A TREACHEROUS BOER'S FATE
Daniel DeCow, of Middlemiss, received a letter from his son, J.A. DeCow, who is located with troop 19 of Baden Powell's constabulary in the Hoopstadt District. The town if Hoopstadt, the headquarters of the troop, is about the size of Middlemiss, and with the exception of one Boer family, it was completely deserted. Throughout the district, Trooper DeCow says, the burghers have become very cautious, as many had been captured and killed during the few weeks preceding the date of writing. One Boer, who wounded a trooper while coming into the camp under a white flag, was given five minutes to say his prayers, after which he was riddled with bullets. The matter came to the attention of Erasmus, the Boer commandant in the district, and when he learned the facts he had no complaint to make. One day DeCow's troop came across a batch of forty Boers in houses, and after a chase got three and killed one. A night raid also resulted in the capture of only one man of eight who were chased for ten miles. All of the fighting in the country, however, was in the district about Heilbron and along the Vaal River.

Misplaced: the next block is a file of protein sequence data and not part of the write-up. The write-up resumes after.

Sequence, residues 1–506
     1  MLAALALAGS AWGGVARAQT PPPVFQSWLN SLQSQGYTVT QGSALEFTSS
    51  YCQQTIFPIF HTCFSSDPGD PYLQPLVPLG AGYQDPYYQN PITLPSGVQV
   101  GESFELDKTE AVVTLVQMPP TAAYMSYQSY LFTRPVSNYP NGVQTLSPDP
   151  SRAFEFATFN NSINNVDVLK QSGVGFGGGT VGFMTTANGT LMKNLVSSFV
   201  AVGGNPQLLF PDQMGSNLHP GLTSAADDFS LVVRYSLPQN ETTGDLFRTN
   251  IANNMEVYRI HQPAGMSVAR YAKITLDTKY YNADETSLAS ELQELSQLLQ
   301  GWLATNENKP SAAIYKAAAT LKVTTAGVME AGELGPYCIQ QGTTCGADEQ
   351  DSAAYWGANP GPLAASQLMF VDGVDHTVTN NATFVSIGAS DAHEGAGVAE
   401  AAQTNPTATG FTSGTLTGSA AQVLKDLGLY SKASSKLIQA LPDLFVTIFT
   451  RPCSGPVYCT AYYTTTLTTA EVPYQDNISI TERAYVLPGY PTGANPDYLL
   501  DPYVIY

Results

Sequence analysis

Trooper DeCow also tells of a visit of inspection paid to the troop by Major-General Baden-Powell and lasting three days. The head of the constabulary expressed the opinion that troop 19 had the best horses in the division, and he congratulated the force on the good work being done in clearing the country. "He seems every inch a man and a soldier," says Trooper DeCow, in speaking of Baden-Powell; "dresses very plainly, goes about is his shirt sleeves, and would not be taken for an officer of his exalted rank."